The Danish Girl
The Danish Girl lacks an immediacy and vibrancy, as well as a genuine sense of emotional connection.
John Huston's "Prizzi's Honor" marches like weird and gloomy clockwork to its relentless conclusion, and half of the time, we're laughing. This is the most bizarre comedy in many a month, a movie so dark, so cynical and so funny that perhaps only Jack Nicholson and Kathleen Turner could have kept straight faces during the love scenes. They do. They play two professional Mafia killers who meet, fall in love, marry, and find out that the mob may not be big enough for both of them. Nicholson plays Charley Partanna, who is a soldier in the proud Prizzi family, rulers of the East Coast, enforcers of criminal order. The godfather of the Prizzis, Don Corrado, is a mean little old man who looks like he has been freeze-dried by the lifelong ordeal of draining every ounce of humanity out of his wizened body. To Don Corrado (William Hickey), nothing is more important than the Prizzi's honor - not even another Prizzi.
Charley Partanna is the Don's grandson. He has been raised in this ethic, and accepts it. He kills without remorse. He follows orders. Only occasionally does he disobey the family's instructions, as when he broke his engagement with Maerose Prizzi (Anjelica Huston), his cousin. She then brought disgrace upon herself and, as the movie opens, is in the fourth year of self-imposed exile. But she is a Prizzi, and does not forget, or forgive.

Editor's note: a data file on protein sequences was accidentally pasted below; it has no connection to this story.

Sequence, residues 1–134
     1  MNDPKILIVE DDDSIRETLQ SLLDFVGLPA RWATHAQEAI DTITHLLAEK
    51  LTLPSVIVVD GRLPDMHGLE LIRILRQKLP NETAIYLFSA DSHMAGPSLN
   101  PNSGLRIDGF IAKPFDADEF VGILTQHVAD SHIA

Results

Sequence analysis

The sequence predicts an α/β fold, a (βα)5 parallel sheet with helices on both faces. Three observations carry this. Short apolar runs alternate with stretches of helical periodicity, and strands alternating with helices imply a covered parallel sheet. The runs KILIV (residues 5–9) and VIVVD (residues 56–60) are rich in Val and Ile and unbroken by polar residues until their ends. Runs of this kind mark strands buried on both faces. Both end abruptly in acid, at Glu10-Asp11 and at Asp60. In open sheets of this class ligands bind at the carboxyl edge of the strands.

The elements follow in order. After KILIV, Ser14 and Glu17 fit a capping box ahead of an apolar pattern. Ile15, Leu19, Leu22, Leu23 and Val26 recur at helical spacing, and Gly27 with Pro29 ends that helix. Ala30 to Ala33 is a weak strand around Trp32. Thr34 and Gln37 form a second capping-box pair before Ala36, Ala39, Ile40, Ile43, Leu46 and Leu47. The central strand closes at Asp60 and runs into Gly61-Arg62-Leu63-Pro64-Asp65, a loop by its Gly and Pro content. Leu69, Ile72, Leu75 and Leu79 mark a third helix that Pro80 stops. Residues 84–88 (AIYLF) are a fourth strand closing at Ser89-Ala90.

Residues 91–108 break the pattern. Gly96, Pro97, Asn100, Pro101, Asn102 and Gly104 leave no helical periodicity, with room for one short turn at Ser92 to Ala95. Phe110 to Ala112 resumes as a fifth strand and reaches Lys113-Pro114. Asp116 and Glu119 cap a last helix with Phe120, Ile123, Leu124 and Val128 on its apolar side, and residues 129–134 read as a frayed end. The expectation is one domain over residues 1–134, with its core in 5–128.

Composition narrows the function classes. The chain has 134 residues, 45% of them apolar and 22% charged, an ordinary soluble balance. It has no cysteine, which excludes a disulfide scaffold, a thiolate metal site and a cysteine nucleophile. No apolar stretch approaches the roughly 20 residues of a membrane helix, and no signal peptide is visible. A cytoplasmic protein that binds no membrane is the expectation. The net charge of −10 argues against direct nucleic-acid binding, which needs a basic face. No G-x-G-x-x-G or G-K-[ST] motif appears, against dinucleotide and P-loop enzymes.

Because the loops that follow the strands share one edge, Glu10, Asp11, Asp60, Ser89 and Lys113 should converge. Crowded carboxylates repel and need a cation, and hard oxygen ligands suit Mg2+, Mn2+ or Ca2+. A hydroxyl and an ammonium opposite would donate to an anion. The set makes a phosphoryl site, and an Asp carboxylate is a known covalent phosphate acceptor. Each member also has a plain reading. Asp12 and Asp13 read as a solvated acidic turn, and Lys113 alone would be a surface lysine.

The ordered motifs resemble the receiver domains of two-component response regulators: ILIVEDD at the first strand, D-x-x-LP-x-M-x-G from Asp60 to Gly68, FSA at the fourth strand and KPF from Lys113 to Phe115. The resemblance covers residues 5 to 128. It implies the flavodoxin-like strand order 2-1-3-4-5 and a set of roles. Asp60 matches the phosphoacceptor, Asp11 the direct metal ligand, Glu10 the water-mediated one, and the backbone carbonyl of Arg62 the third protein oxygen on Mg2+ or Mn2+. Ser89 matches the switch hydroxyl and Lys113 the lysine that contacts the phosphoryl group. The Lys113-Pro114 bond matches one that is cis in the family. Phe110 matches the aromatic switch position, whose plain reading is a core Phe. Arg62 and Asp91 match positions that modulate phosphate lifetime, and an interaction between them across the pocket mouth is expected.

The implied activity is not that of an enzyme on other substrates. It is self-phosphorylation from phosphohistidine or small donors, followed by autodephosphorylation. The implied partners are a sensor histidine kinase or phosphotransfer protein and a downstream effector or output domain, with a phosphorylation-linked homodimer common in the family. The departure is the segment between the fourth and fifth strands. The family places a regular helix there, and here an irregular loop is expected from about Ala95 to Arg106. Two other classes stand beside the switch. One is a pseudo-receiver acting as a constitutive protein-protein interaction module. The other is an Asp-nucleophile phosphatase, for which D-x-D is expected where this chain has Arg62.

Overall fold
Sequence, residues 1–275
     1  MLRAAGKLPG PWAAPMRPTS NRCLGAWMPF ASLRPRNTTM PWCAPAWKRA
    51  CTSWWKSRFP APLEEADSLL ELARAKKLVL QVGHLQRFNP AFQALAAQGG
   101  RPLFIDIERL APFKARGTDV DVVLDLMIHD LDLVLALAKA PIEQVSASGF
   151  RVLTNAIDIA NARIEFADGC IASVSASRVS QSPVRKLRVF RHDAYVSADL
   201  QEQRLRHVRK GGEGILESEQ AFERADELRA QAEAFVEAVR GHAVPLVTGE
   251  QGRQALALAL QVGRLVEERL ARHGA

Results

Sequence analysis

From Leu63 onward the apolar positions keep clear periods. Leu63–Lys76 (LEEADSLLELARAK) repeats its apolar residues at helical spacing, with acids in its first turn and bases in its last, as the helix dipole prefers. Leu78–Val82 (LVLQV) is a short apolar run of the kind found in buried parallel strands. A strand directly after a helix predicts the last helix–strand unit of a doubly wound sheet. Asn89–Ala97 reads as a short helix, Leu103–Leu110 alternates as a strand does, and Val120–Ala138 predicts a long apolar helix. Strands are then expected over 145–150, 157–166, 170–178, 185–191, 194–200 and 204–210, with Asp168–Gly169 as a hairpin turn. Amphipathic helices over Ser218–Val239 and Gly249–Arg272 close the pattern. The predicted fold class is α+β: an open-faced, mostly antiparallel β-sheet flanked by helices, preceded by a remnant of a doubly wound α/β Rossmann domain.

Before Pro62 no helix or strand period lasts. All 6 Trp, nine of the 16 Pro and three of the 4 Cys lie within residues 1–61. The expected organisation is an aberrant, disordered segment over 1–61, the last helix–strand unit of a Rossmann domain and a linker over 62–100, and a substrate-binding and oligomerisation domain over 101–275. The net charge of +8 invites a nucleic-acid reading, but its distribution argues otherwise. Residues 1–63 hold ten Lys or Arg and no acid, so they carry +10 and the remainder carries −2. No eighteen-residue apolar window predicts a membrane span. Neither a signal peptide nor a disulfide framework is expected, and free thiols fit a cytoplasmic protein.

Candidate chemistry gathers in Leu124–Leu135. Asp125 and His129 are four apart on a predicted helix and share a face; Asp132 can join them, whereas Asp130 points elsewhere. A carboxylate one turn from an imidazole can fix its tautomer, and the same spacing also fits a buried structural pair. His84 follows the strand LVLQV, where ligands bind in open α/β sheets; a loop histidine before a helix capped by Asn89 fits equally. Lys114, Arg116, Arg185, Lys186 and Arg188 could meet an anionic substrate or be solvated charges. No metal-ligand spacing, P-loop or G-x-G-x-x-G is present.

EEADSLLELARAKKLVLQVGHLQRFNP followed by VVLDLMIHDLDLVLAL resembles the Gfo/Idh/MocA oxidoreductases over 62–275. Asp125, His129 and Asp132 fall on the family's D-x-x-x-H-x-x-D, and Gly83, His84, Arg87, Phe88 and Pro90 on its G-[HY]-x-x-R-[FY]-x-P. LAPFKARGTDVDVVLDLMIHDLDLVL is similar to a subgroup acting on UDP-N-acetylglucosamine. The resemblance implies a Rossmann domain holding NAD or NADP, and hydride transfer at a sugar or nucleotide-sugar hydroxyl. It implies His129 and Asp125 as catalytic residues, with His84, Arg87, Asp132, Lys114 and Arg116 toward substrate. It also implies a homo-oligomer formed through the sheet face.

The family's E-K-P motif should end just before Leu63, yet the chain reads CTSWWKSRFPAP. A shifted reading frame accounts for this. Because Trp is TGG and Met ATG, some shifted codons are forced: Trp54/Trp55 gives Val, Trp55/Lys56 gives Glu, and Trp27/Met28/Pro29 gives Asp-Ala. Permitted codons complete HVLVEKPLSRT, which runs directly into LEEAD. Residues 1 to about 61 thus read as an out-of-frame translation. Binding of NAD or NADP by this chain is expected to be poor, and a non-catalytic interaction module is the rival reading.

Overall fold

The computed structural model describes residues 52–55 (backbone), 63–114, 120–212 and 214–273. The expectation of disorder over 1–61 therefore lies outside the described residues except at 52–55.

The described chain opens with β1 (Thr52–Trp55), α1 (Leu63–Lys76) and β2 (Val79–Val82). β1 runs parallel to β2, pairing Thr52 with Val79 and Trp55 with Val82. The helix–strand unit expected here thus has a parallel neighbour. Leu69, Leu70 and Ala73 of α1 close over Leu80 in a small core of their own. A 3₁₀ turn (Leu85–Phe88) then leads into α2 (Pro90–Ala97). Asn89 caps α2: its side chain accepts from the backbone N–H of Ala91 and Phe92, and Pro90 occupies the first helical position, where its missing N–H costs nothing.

The movie opens like "The Godfather," at a wedding. Charley's eyes roam around the church. In the choir loft, he sees a beautiful blonde (Kathleen Turner). She looks like an angel. At the reception, he dances with her once, and then she disappears. Later that day, there is a mob killing. Determined to find out the name of the blonde angel, Charley discovers even more - that she was the California hit man, brought in to do the job. He turns to Maerose for advice. She counsels him to go ahead: After all, it's good to have interests in common with your wife. Charley flies to the coast, setting up a running gag as they establish a trans-continental commute. There is instant, electrifying chemistry between the two of them, and the odd thing is, it seems halfway plausible. They're opposites, but they attract. Nicholson plays his hood as a tough Brooklynite; he uses a stiff upper lip, like Bogart, and sounds simple and implacable. Turner, who is flowering as a wonderful comic actress, plays her Mafia killer like a bright, cheery hostess. She could be selling cosmetics.
What happens between them is best not explained here, since the unfolding of the plot is one of the movie's delights. The story is by Richard Condon, a novelist who delights in devious plot construction, and here he takes two absolutes - romantic love and the Prizzi's honor - and arranges a collision between them. Because all of the motivations are so direct and logical, the movie is able to make the most shocking decisions seem inevitable.
John Huston directed this film right after last year's "Under the Volcano," and what other director could have put those two back-to-back? It is one of his very best films, perhaps because he made it with friends; Condon is an old pal from Ireland, Anjelica Huston is of course his daughter, and Nicholson has long been Anjelica's lover. Together they have taken a strange plot, peopled it with carefully overwrought characters, and made "Prizzi's Honor" into a treasure.
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